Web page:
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October 17, 2007

The Shipwreck Known as SCHIP

Kevin E. Dayhoff

In 1997 the Republican controlled Congress enacted the State Children's Health Insurance Program (SCHIP) - a joint federal and state government initiative that provides low-cost health insurance for children of lower income families.

Specifically targeted were families who cannot afford private health insurance, but do not qualify for Medicaid. Over 6.6 million children were eligible for health insurance under the program.

In his 2008 budget, President George W. Bush proposed to increase SCHIP funding by $5 billion over five years - a 20 percent increase over current levels of funding.

Congress agreed several weeks ago to reauthorize the program with guidelines which would increase the cost $12 billion a year for the next five years - over $60 billion. The expanded coverage would make another four million children eligible, half of which would come from families who already have health insurance.

Funding for the proposal would primarily come from a 61-cent per pack increase in the federal cigarette tax. Of course, Congress understands that this is a relatively "easy" tax increase as there are very few votes in Congress representing tobacco growing states - and cigarette smokers, long since vilified, have essentially no voice.

Economists have quickly pointed out that the funding scheme for the ever-increasing expenditures for health care would be paid for by a declining revenue stream as the ranks of smokers continue to decline. It was noted that the increased expenditures would require adding 20 million more smokers. It doesn't take an economist to understand that this is not realistic and other tax revenues would be needed.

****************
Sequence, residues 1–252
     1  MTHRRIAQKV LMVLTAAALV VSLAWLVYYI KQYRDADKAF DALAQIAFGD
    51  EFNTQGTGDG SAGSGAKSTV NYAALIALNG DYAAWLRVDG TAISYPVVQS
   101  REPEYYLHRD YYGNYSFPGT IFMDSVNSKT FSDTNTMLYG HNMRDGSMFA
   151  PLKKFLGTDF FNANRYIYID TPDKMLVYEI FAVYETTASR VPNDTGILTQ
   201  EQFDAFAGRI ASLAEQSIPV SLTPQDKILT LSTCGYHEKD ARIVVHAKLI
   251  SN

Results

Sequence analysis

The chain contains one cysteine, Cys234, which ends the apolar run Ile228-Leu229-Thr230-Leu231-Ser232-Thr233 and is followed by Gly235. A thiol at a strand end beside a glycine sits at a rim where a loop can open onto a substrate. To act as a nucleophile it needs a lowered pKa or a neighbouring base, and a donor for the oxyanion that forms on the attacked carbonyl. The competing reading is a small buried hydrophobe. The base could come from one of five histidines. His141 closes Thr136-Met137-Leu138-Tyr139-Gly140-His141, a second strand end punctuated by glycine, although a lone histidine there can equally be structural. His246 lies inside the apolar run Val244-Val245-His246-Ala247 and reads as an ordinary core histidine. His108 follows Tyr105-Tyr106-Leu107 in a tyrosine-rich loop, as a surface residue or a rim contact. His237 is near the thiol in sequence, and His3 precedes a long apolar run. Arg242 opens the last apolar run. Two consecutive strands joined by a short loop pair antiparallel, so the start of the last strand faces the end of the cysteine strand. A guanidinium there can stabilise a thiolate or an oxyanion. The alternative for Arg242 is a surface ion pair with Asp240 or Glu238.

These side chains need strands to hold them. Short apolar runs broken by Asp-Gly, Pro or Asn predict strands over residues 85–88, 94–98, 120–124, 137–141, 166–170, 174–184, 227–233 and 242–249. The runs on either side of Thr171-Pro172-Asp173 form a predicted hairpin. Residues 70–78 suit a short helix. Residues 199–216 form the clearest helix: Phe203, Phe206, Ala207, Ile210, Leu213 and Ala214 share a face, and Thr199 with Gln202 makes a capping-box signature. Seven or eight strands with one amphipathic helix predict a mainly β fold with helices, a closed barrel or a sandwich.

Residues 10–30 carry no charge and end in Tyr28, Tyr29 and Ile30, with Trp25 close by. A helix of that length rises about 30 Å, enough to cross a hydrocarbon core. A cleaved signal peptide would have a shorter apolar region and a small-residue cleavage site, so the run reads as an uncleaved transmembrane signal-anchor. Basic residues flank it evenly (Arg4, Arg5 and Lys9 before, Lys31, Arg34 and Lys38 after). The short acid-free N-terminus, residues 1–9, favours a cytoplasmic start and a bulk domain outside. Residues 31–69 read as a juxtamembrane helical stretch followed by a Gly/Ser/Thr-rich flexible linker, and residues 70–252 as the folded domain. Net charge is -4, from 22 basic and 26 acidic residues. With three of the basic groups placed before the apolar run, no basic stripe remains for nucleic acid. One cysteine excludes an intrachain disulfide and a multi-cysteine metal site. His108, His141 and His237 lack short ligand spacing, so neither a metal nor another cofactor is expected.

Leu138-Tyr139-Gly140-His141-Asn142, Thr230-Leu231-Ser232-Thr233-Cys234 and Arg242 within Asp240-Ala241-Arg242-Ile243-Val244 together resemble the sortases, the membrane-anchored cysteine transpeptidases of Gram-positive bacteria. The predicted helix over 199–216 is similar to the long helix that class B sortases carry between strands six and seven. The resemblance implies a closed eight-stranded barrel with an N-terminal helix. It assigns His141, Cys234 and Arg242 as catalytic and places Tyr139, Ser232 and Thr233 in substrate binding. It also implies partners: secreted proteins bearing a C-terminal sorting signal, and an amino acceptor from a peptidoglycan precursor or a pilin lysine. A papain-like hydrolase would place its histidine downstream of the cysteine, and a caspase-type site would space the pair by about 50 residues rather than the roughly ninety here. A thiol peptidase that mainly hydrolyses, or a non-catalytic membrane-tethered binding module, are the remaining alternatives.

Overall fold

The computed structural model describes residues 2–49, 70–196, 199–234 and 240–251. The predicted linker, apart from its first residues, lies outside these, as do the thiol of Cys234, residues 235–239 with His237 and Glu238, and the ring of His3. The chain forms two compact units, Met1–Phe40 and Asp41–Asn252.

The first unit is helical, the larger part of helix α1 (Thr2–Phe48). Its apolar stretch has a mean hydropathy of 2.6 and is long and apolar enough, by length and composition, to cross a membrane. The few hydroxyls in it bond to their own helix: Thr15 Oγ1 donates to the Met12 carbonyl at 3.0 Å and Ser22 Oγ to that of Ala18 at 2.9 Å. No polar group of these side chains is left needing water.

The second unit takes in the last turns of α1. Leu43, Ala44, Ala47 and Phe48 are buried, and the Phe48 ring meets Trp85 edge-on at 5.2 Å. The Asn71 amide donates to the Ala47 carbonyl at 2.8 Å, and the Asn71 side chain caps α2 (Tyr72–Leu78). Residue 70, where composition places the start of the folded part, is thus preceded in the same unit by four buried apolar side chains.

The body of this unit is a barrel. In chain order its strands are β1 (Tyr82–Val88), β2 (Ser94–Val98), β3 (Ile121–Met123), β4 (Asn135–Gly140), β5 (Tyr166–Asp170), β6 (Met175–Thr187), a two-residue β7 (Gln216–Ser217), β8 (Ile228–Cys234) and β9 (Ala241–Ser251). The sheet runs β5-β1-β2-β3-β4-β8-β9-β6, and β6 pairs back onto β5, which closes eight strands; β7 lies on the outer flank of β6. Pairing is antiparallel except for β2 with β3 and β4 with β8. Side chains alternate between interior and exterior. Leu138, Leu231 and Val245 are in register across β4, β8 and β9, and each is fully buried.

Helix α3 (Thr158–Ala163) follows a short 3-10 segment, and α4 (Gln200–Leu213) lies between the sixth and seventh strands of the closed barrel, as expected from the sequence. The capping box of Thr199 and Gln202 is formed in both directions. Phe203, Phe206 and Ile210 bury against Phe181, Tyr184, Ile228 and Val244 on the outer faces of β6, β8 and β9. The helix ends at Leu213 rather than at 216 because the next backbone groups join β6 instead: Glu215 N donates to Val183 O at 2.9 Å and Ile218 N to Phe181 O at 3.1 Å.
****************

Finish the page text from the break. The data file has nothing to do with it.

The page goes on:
The Democratic leadership delivered the bill to the President's desk on October 2.

President Bush promptly vetoed it on October 3, remarking that, among a number of problems with the bill, the increase is too much. The president said that SCHIP needs to "return to its original focus, which is helping those children in need." The president called on Congress "to pass a responsible SCHIP bill."

Democrats are elated in what they felt to be a fortunate turn of events. The issue of expanding SCHIP is considered a winner with voters in the 2008 election cycle, whether or not they are able to prevail in overriding the president's veto. The sound bite is easy and simple: mean cruel Republicans voted against providing little children adequate access to health care.

This point has been illustrated well by Steve Breen's political cartoon in the San Diego Union-Tribune on October 9, which depicted a donkey caricature talking to wide-eyed children gathered around the campfire: "Then the evil president who hated kids (and probably enjoyed drowning puppies) took his red veto stamp to the SCHIP bill and."

Meanwhile the Democratic congressional leadership said that a showdown would be put off for weeks in order to unleash political pressure from organized labor, liberal grassroots advocates, and left-wing bloggers.

However, many agree with the president who said he "does not believe health coverage for poor children should be held hostage while political ads are being made and new polls are being taken."